When Vidya made her Bollywood debut in the 2004 hit, Parineeta, I could tell that there was something about her acting that was unique. She got into the character of Lalita making the movie feel real.
Many men were actually smitten by her then. A close friend jovially remarked that she was the ideal "marriage material"!!!! I certainly did not go that far but I too did admire her a lot!
Then came Bhool Bhulaiyaa, which I saw on a DVD when I was travelling to Satara in January 2008. She played the role of a woman, suffering from Dissociative Identity Disorder to perfection! She deserved the Filmfare Best Actress nomination for this movie.
Then the same month, I travelled to Delhi on a Kingfisher flight. She was on the same flight, in the forward first class section. For some reason, after landing she stayed back inside the cabin, presumably waiting for the rest of her retinue, while we all deplaned -that is when I got a glimpse of her. Later at the baggage claim, she waited, fidgeting with her mobile, while her bags were being collected. She looked stylish, pretty and quite slender but was quite conscious of all the attention she, the "Parineeta-wali", was getting - that forced her put on her shades.
She acted in a few movies after that but was majorly panned for her dressing style, after which came Ishiqya, which saw this southern belle getting into the role of crafty, expletive-spewing North Indian widow, who manipulated two horny crooks, played by Naseeruddin Shah and Arshad Warsi to make her ends meet. And "Ch...ium Sulphate" became the essential part of the expletive folklore!
Paa was next, which again proved that she had it in her - the ability to play non-conventional roles with an uncanny finesse. Though I have not seen No One Killed Jessica, I am told she did pack in quite a punch. By any stretch of imagination, the glamdolls and size-zeros of Bollywood could not have done even half of what she had rightfully achieved.
And this week, The Dirty Picture, a biopic on the southern siren, Silk Smitha, opened to rave reviews and record breaking collections. The portrayal of Silk was not only brutally honest to the character but was also replete with the typical 1980s' heaving bosoms and thunder thighs. From a viewer's perspective Vidya performed brilliantly, just as smooth as silk!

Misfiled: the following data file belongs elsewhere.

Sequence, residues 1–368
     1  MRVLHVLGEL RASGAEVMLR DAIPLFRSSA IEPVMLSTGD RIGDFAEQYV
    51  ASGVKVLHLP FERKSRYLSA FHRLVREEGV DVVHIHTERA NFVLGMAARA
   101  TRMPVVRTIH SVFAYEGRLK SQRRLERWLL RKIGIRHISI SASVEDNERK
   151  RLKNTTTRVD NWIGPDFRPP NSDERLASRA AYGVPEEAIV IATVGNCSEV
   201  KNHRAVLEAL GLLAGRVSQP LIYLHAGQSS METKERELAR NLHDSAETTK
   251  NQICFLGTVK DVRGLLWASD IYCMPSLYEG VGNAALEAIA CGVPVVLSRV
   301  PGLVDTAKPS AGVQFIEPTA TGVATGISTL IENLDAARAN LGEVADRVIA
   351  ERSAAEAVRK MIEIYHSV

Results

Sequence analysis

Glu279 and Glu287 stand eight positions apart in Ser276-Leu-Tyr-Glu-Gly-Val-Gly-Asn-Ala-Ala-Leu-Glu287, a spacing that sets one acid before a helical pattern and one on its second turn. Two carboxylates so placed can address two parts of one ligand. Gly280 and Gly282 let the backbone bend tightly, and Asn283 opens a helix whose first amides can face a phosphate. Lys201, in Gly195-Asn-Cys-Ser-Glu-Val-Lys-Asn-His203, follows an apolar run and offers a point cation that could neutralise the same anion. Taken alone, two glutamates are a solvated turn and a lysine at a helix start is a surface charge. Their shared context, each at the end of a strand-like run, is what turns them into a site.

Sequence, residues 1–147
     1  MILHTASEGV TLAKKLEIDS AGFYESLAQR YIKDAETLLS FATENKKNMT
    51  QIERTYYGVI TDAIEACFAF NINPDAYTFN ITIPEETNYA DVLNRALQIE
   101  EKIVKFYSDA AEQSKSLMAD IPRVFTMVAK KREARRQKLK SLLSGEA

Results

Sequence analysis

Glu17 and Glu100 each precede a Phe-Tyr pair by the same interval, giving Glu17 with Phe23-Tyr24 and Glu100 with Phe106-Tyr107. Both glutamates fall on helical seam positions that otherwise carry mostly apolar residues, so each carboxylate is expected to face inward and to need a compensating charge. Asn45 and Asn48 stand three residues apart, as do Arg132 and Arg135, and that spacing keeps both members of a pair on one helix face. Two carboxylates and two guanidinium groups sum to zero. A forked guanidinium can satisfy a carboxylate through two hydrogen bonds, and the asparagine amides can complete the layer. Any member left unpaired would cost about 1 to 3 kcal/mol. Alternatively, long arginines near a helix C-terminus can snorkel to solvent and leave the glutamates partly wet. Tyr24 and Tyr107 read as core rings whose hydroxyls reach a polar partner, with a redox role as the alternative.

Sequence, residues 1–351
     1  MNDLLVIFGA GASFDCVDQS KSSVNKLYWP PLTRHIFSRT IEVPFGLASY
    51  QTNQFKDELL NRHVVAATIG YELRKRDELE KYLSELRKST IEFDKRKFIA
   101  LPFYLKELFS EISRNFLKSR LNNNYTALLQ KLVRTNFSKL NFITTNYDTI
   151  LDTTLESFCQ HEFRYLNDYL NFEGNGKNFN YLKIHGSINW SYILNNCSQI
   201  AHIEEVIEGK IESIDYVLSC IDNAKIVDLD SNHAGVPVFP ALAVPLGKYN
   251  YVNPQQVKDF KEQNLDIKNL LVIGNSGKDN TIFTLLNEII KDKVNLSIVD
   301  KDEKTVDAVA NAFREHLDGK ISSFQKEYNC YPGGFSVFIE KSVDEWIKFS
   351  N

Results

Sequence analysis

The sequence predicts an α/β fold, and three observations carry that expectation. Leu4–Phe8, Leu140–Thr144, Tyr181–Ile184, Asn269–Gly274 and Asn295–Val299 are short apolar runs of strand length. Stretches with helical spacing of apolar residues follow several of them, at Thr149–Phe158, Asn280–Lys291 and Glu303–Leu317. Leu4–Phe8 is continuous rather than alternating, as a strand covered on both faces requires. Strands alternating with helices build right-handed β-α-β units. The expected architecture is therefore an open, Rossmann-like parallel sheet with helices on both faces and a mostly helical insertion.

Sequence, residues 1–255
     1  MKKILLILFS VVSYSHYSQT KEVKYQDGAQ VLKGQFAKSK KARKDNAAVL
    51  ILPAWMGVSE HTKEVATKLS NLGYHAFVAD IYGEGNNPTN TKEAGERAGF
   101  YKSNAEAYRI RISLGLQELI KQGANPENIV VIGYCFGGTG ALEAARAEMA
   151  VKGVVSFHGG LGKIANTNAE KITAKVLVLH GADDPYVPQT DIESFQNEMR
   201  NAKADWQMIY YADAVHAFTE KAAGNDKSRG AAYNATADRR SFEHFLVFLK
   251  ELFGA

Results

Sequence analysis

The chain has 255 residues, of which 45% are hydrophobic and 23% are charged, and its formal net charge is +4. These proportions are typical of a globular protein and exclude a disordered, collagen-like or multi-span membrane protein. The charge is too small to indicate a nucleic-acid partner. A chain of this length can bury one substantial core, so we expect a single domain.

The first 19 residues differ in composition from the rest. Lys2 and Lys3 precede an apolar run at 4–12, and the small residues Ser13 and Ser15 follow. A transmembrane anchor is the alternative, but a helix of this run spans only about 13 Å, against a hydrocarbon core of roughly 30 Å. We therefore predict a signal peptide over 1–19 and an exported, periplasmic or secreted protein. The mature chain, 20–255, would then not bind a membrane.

And already I can visualise Vidya Balan "Ooh La La-ing" her way to presentation ceremonies at award functions.

Garam Masala or Wah Baharaat?

Yesterday, TLC aired the Sino-Australian restaurateur, Kylie Kwong's show Cooking With Heart & Soul recently in which she cooked up a Moroccan meal - a lamb tajine with salads and rice.
To make her tajine, Kylie used an Arab spice, Baharaat (بهارات‎), which she said was used to give a unique flavouring to Arab cuisine.
I did a quick websearch on the Baharaat on Wikipedia after the show was over. The Baharaat is a spice blend used in Arab and Middle Eastern cooking to season meats, fish and gravies.
Peppercorns, cardamom, cloves, coriander seeds, cumin seeds, cinnamon sticks and paprika form the essential ingredients of the Baharaat.
Ohhh, that is much like our own garam masala (गरम मसाला), which is ubiquitous in North Indian cuisine. Now cardamoms, cloves and pepper originated in the spice plantations on the Malabar coast, right here in India. Arab trading dhows which had been visiting Malabar for over a thousand years would have taken these spices to their lands, so today what we call garam masala is known as Baharaat in the Arab lands.
My Mom used to and still makes her supply of garam masala. She used to dry roast all these spices on a griddle, with a wonderous, exotic aroma filling the whole house. The roasted spices would then find their way into the mixer, making the aromas even more potent. The ground spices would their way into airtight bottles. The treasured spice would then be used to spice up dry vegetable preparations, chickpeas, red kidney beans and non-vegetarian gravies.
When I moved out of the nest and set up the first home at Delhi, I used to buy vacuum sealed packs of garam masala from Malviya Nagar market. That wasn't even half as good as Mom's concoction. And then Mom visited. She was shocked to see the kind of mild, tasteless garam masala we were using. That was it! She then ensured we get an endless supply of Mom's special concoction, which she would get on her monthly visits to Delhi! Homecooked food, all of a sudden, underwent a magical transformation!
And then I shifted to Bombay, got married and things took a healthier turn. Salt intake was reduced, fat intake was greatly minimised, food became less spicy, with a greater emphasis on fruits, salads and yogurts! So intake of garam masala greatly reduced.
But the magical smell of Mom's garam masala wafting through the air will still make me go crazy!
Aviation Photo Search Engine
Biggest aviation photo database on the 'Net
Aircraft Type...[ Help ]
Airline...[ Help ]
Country / Airport...[ Help ]
Category...[ Help ]
Uploaded... [ Help ]
Keywords... [ Help ]
Range...[ Help ]
Sort By...

Include only photos for sale

Stop searching after hits [ Help ]